Award winning Author, Photographer and Automotive Journalist
February 5, 2014
Dear Mr. Wilde:
Thank you for informing me about the Historic Electric Vehicle Foundations initiative to establish an International Electric Vehicle Museum. As these fascinating vehicles are the very bookends of the automobile industry this is an endeavor that is long overdue.
One of the most obscure chapters pertaining to the establishment of the American automotive industry is the key role played by manufacturers of electric vehicles, and the innovators behind those companies. When one considers that these early hybrids and electric vehicles, as well as supportive infrastructure are the foundational element in the vehicles that are now transforming the industry, this is rather surprising.
Still, what I find most exciting about the idea of an electric vehicle museum is that in addition to preserving more than a century of automotive technology evolution, it will also preserve the modern automotive pivot point for future generations, and provide glimpses of an exciting future. I am also rather certain that the showcasing of innovative technologies as manifested in the 1917 Woods Dual Electric will stimulate renewed interest in historic vehicles.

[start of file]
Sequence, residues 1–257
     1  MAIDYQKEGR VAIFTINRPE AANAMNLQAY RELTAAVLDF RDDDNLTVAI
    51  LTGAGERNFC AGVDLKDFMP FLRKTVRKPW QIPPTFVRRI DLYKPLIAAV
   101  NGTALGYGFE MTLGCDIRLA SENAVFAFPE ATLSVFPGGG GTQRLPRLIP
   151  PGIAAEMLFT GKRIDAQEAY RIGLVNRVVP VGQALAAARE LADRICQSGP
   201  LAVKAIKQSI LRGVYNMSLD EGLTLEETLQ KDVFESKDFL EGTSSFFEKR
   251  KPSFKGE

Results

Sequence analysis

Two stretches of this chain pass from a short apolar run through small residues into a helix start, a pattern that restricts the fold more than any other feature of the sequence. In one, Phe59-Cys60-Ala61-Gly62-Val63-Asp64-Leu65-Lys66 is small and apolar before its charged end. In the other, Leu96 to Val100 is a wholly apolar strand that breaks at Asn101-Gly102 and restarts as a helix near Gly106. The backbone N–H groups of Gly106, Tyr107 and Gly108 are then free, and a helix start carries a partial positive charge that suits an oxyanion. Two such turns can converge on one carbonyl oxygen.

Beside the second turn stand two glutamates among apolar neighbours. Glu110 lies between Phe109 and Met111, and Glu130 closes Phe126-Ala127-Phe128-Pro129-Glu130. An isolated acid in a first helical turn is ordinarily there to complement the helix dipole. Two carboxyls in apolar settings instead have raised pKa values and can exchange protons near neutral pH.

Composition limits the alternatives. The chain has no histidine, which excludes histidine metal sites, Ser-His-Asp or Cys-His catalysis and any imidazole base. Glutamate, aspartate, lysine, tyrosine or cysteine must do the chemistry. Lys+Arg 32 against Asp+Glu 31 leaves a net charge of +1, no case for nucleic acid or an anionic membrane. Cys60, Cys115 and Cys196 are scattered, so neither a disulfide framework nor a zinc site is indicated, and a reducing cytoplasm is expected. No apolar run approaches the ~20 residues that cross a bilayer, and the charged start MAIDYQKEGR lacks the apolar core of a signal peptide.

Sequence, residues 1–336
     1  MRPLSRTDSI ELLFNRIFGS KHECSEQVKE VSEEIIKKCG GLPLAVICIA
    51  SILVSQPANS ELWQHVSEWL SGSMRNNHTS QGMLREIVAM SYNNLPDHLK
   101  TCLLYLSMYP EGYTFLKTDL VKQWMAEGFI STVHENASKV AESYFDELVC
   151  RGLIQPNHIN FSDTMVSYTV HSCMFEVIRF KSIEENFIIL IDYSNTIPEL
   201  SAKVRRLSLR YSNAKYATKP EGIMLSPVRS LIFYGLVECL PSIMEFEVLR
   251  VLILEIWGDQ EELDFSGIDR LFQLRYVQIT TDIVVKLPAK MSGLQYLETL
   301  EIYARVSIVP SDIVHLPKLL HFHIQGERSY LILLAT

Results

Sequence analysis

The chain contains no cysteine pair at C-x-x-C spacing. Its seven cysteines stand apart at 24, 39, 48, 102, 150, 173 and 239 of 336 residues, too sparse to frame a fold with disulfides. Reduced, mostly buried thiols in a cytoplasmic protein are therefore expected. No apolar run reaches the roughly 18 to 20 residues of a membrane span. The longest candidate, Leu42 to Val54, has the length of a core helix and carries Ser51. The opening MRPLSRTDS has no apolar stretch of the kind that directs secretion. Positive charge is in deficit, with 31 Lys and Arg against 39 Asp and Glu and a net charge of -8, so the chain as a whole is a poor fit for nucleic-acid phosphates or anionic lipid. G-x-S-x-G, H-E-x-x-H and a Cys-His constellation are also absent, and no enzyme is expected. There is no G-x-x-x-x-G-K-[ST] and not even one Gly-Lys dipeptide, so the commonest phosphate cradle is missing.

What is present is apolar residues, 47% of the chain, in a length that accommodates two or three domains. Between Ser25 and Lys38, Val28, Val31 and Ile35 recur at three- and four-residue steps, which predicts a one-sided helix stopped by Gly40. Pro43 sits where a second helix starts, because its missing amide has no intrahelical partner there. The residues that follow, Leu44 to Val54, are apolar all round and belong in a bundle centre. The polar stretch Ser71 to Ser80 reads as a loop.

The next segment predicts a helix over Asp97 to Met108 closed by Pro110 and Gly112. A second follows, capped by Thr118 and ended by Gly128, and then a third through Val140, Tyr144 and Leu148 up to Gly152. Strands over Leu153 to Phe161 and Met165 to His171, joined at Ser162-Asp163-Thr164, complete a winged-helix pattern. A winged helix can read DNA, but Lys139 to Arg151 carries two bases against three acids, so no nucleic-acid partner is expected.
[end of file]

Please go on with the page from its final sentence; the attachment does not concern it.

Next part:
If I may be assistance in this endeavor, please do not hesitate to call upon me.
Jim Hinckley is a noted historian and automotive enthusiast who has written ten books. He has also been the Associate Editor of Cars & Parts magazine and the author of more than one thousand feature articles for a wide variety of publications including Old Cars Weekly, Classic Auto Restorer, Classis Car by Hemmings, The Kingman Daily Miner and American Road, end even an interview with Jay Leno.
Founding Board Member: Plug In America
“One hundred years from now, we will no longer be using internal combustion engines to move people around. We will have long before made the transition to renewable electricity as the energy source for this purpose. This fact underscores the importance of the Historic Electric Vehicle Foundation. Now is the time to begin collecting as much of the history of this technology, already well over a hundred years old, before too much is lost. We are at the beginning of the final transition period. I’ve personally been saving some materials for posterity and am pleased there is finally a repository that will enable those in the future to know how this transition came about.”